Calvin Quallis: Opening up a barber shop was that next big idea. Part of it was because I remember those feelings my mom and the others were able to help people to feel when they walked out of her shop. My only experience is visiting barber shops every other week. And at that time, I didn't necessarily feel my best. I was in a career and a role that I absolutely hated, and it was draining. So coming home from work one day, I had sort of an epiphany of my time that I spent in my mom's shop, my own personal experiences visiting barbershops and decided to open up a barbershop. It was this idea that stuck with me for a while. I did open up the barbershop about six months from that time where I had that vision of opening up one and I noticed this issue that many of our customers had, very dry frizzy damage hair and beards. As I mentioned earlier, the daytime desk job was one that was a bit draining and boring in many ways. So I created a hobby evenings and weekends where I'd go home, learn everything that I could about hair, beards, and natural ingredients, and I started to concoct products from the kitchen of my home. So started the business like that, would bring it to the barbershop, hand it off to the barbers and customers, then would get feedback until I created something that our customers enjoyed.
Bill Thorne: That's pretty phenomenal. I mean, you had a natural… let's just say you didn't have the barbershop. I mean, what would you do? Just stop people on the street. So you had a natural constituency there that is looking for something, and you were able to use your products to test their reaction to that. That is absolutely fantastic. So when you open a barber — I'm intrigued by this — so you open a barber shop, where do you find the barbers?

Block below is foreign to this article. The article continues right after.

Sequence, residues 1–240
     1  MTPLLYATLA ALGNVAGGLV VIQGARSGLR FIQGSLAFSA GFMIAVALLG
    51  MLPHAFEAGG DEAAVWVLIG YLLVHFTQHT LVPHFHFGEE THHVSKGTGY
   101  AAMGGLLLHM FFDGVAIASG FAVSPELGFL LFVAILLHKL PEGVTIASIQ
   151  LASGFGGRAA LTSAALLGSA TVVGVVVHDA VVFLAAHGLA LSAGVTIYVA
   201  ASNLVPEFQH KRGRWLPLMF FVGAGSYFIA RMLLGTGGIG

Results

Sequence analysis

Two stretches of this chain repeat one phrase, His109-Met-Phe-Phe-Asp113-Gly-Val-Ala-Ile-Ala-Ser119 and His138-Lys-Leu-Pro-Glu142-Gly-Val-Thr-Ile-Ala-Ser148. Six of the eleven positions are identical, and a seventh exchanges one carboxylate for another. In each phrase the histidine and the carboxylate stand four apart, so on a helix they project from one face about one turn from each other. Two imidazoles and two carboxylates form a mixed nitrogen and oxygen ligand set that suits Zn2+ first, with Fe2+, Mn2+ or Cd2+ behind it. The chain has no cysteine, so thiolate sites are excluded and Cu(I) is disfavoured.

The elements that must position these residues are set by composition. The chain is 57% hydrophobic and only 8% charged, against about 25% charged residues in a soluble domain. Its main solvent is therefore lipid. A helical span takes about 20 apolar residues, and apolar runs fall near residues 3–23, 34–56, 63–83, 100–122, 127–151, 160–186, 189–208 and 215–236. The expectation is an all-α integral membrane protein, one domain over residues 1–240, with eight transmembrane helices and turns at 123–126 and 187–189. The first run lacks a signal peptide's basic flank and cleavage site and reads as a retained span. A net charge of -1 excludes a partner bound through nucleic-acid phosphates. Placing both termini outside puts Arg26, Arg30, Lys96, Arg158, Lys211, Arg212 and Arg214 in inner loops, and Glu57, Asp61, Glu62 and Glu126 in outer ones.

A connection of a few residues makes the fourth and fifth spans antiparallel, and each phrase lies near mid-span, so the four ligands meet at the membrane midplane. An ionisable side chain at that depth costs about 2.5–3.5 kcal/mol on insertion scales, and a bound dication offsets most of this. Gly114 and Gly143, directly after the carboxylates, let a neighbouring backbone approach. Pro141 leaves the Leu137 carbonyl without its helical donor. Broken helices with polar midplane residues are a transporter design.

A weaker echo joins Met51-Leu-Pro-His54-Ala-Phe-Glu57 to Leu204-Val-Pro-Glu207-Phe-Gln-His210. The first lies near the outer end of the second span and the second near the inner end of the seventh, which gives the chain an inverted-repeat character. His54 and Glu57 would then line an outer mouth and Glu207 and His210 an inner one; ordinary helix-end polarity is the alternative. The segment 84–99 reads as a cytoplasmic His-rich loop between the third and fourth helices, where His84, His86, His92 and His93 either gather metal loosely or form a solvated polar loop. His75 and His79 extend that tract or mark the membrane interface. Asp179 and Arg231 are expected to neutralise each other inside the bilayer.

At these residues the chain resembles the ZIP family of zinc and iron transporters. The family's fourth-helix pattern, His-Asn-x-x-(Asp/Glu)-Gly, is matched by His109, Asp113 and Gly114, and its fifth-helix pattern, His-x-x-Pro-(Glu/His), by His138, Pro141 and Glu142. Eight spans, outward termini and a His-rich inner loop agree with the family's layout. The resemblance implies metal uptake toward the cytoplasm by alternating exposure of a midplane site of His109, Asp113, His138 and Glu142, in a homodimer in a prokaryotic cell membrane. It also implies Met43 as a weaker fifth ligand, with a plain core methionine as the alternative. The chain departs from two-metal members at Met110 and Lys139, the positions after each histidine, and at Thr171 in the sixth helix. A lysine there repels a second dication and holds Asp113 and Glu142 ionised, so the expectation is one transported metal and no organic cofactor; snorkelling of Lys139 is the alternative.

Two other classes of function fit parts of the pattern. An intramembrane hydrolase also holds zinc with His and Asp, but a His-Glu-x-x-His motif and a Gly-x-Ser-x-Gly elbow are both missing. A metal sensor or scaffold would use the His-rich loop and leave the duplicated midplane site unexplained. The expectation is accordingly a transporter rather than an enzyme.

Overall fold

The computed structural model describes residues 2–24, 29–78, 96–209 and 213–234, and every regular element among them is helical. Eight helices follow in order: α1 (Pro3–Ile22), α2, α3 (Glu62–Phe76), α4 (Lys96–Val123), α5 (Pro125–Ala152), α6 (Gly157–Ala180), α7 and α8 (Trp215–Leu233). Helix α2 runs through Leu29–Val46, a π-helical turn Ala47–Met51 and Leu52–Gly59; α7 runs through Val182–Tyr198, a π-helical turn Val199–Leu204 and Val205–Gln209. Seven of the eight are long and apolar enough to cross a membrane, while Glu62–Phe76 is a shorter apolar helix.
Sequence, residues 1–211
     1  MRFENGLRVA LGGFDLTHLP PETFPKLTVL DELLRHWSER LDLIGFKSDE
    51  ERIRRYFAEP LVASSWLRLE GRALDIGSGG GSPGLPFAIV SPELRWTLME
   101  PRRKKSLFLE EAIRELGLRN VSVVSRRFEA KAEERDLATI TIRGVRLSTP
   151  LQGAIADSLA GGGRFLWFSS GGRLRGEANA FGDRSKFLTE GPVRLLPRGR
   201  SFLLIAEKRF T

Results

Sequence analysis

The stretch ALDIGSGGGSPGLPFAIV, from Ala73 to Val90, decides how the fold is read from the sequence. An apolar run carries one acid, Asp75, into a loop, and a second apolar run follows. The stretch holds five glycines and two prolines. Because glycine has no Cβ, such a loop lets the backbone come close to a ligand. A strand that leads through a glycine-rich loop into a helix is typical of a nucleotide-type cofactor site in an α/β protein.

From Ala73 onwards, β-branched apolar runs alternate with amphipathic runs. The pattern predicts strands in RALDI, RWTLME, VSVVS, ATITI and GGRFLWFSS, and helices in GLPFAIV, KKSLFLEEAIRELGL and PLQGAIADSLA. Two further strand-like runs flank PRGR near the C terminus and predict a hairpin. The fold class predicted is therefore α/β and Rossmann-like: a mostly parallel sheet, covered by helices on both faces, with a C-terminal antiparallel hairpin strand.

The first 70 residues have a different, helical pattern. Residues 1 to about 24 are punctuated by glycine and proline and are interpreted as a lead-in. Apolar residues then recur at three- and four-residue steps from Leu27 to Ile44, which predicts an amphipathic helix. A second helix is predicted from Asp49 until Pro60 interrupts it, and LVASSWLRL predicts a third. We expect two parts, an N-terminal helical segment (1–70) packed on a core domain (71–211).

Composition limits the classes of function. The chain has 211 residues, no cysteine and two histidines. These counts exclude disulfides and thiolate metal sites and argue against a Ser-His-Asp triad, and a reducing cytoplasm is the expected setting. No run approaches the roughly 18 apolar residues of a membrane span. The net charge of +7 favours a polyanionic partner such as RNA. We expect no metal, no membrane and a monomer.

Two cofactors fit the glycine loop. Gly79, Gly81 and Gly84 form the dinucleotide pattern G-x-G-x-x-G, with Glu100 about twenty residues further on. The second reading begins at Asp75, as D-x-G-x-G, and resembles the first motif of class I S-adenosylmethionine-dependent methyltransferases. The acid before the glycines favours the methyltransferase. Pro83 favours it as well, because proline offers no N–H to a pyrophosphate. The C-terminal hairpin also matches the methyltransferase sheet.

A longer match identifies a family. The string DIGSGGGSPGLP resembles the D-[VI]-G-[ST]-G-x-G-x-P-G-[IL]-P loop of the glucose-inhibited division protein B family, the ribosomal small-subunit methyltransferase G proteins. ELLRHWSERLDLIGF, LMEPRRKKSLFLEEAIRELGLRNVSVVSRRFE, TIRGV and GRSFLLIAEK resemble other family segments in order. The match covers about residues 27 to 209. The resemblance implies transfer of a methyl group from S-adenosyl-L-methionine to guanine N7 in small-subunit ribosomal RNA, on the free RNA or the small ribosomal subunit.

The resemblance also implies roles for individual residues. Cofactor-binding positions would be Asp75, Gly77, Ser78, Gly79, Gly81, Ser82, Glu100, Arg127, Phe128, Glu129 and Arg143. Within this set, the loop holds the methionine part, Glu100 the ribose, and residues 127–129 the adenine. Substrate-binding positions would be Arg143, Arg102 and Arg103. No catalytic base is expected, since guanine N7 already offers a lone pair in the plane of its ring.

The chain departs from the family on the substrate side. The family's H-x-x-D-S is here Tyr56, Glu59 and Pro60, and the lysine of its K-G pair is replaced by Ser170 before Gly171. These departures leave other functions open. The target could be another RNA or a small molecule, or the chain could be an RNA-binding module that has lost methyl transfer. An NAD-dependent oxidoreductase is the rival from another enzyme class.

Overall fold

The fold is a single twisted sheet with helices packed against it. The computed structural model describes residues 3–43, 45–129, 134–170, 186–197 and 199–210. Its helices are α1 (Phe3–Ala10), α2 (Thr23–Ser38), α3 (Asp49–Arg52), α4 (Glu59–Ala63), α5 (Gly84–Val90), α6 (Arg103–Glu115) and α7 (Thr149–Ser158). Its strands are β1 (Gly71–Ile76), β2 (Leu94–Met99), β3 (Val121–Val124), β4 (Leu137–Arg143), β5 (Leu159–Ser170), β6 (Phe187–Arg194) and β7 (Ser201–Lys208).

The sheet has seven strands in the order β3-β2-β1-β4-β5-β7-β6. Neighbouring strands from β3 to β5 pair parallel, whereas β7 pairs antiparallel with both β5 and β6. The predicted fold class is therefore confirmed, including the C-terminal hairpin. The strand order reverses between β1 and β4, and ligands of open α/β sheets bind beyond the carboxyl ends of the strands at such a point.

Calvin Quallis: <laugh>
Bill Thorne: Just curious.
Calvin Quallis: Yeah, that was a bit of a learning challenge. It's — there's a while. At the time social was pretty new. We posted on social and we asked a friend to ask a friend, it took a while but I eventually did get some really great barbers.
Bill Thorne: We have a place down in Fort Pierce, Florida and there's a barber shop called Too Legit. And these guys are phenomenal and it's just the same kind of setup. The owner is not a barber. He finds these barbers and they have such an extraordinary culture. These guys get along. It's fun to be in there. It's fun to watch them work. I don't have enough hair to really merit, but if I go in with somebody younger, one of my godchildren or something, they have the best time. It is absolutely fantastic. So barber shops and beauty salons, obviously the pandemic was going to have a pretty major impact on those businesses. What were you able to do to kind of maneuver through that? I know that people at home — I grew a beard…
Calvin Quallis: <laugh>.
Bill Thorne: Its pathetic, but I try.
Calvin Quallis: <laugh>
Bill Thorne: And then I went to a goatee, and that worked a little bit better. So I'm assuming that there might have been an uptick in people looking for product to deal with that.
Calvin Quallis: Yeah, first I'd just like to say that we started the barbershop, but we ended up closing the barbershop and I quit my daytime desk job — I'd say maybe a year and a half after creating the products. During the pandemic, the barbershop didn't exist, but obviously the business of Scotch Porter existed. During the pandemic we did see a pretty significant increase in online and our newly launched retail business. Part of that is because barber shops were closed, right? So guys needed to take care of their beards, hair, skincare, and everything else despite not having access to a barber shop. I also think that their partners <laugh> also appreciated good clean guys, right? So we did see also see an uptick in women and others coming to our site to purchase for their partners as well.